As the Australia & New Zealand Banking Group (ANZ) AGM nears this Thursday, the Asset Owners Disclosure Project (AODP) has revealed that almost all pension funds – including most Australian funds – contacted by their members refused to disclose their voting intentions for the first climate resolution in the world after the Paris COP21 climate talks.
ANZ is one of only 30 AA rated banks in the world and their AGM climate resolution is being seen as a litmus test for how investors respond to COP and the commitments made.
The ‘Vote Your Pension‘ platform allowed thousands of pension members to register their voting preference with over 95% voting for their pension fund to vote against ANZ.
However, giant Californian pension fund CalPERS last night announced they were going to support the resolution.
“With the ink not yet dry on the COP21 agreement, pension funds everywhere have this unique opportunity to put their commitments into action by cleaning up ANZ. So far they are largely absent. Why have commitments at COP not translated into real votes against one of the most carbon intensive banks? Members are entitled to know” said AODP CEO, Julian Poulter.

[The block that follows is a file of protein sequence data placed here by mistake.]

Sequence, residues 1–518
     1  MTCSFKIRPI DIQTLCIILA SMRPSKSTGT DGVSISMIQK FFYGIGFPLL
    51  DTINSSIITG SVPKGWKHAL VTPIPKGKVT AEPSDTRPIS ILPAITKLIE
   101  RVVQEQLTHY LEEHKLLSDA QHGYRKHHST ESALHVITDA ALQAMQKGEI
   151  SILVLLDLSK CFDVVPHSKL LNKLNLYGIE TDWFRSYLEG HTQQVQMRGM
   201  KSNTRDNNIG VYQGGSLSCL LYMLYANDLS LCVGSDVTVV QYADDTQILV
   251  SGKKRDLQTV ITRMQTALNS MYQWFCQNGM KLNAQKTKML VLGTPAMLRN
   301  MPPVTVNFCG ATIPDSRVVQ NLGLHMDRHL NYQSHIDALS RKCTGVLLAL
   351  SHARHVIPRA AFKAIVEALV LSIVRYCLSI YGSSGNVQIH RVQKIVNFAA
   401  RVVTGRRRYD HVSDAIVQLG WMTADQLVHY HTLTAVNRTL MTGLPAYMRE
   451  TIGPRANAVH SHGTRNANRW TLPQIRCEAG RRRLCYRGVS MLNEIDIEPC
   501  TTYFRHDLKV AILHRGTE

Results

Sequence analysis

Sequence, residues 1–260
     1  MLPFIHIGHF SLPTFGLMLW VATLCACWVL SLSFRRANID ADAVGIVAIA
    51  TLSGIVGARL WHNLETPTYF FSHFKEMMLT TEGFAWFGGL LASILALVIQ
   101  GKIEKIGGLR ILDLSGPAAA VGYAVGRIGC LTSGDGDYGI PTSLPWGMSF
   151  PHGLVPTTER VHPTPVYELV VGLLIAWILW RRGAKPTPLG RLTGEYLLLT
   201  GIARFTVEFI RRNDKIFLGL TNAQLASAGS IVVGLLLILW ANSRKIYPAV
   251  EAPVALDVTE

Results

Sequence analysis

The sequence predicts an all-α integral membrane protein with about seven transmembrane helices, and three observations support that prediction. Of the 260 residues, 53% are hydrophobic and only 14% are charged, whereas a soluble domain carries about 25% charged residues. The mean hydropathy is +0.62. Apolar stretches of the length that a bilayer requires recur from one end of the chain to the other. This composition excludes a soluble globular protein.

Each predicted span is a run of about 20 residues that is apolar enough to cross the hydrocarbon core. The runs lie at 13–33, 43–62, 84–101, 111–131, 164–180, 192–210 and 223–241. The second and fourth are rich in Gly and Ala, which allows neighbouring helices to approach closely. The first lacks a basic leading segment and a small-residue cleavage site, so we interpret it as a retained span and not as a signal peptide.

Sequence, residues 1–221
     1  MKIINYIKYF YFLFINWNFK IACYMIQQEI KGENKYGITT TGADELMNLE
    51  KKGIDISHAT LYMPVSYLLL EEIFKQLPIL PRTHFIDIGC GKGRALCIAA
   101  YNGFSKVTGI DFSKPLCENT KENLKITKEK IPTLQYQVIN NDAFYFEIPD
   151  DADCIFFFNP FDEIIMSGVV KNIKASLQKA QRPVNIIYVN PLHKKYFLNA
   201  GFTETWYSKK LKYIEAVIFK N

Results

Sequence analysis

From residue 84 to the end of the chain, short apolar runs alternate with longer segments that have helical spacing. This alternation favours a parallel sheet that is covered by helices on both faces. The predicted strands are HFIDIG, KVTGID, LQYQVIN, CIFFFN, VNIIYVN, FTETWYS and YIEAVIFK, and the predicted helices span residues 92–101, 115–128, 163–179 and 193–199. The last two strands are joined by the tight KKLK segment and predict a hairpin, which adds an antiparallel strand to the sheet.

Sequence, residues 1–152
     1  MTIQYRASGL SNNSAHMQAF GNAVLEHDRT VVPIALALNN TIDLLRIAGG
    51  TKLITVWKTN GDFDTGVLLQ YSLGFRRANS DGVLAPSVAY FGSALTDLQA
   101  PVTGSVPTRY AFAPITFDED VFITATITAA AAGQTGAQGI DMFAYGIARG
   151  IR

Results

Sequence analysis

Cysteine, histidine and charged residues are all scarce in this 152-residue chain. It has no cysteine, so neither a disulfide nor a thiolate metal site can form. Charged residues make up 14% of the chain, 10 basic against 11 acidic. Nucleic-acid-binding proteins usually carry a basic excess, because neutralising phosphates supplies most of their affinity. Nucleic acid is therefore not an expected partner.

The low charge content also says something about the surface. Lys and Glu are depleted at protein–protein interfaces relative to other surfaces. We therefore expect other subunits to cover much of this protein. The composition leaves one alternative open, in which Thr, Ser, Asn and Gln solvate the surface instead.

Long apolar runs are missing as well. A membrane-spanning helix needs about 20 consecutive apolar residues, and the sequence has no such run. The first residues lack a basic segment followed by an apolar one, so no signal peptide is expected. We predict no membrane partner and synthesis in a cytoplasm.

“Once again we see CalPERS and perhaps in time other leading US funds showing that they are not afraid to challenge these financial monoliths – but where are the European and Australian funds? Members are entitled to suspect greenwash unless their funds can quickly reveal that they are walking the talk on companies like ANZ” said Poulter
“We understand why some fiduciary investors do not want to divest from companies like ANZ, despite the high carbon intensity of ANZ’s portfolios, but engagement is now struggling for credibility – if funds can’t push a major bank only a few days after COP then when will they?”
The Vote Your Pension campaign focussed on Australian superannuation members whose funds are the largest holders of ANZ shares but so far none have committed to supporting the resolution.
“With Australia’s government finally sending the right signals on climate change, Australia’s superfunds seem scared of the power of ANZ as if they don’t want to rock the boat – with many other Aussie banks and superfunds holding the stock, it all seems a bit cosy.”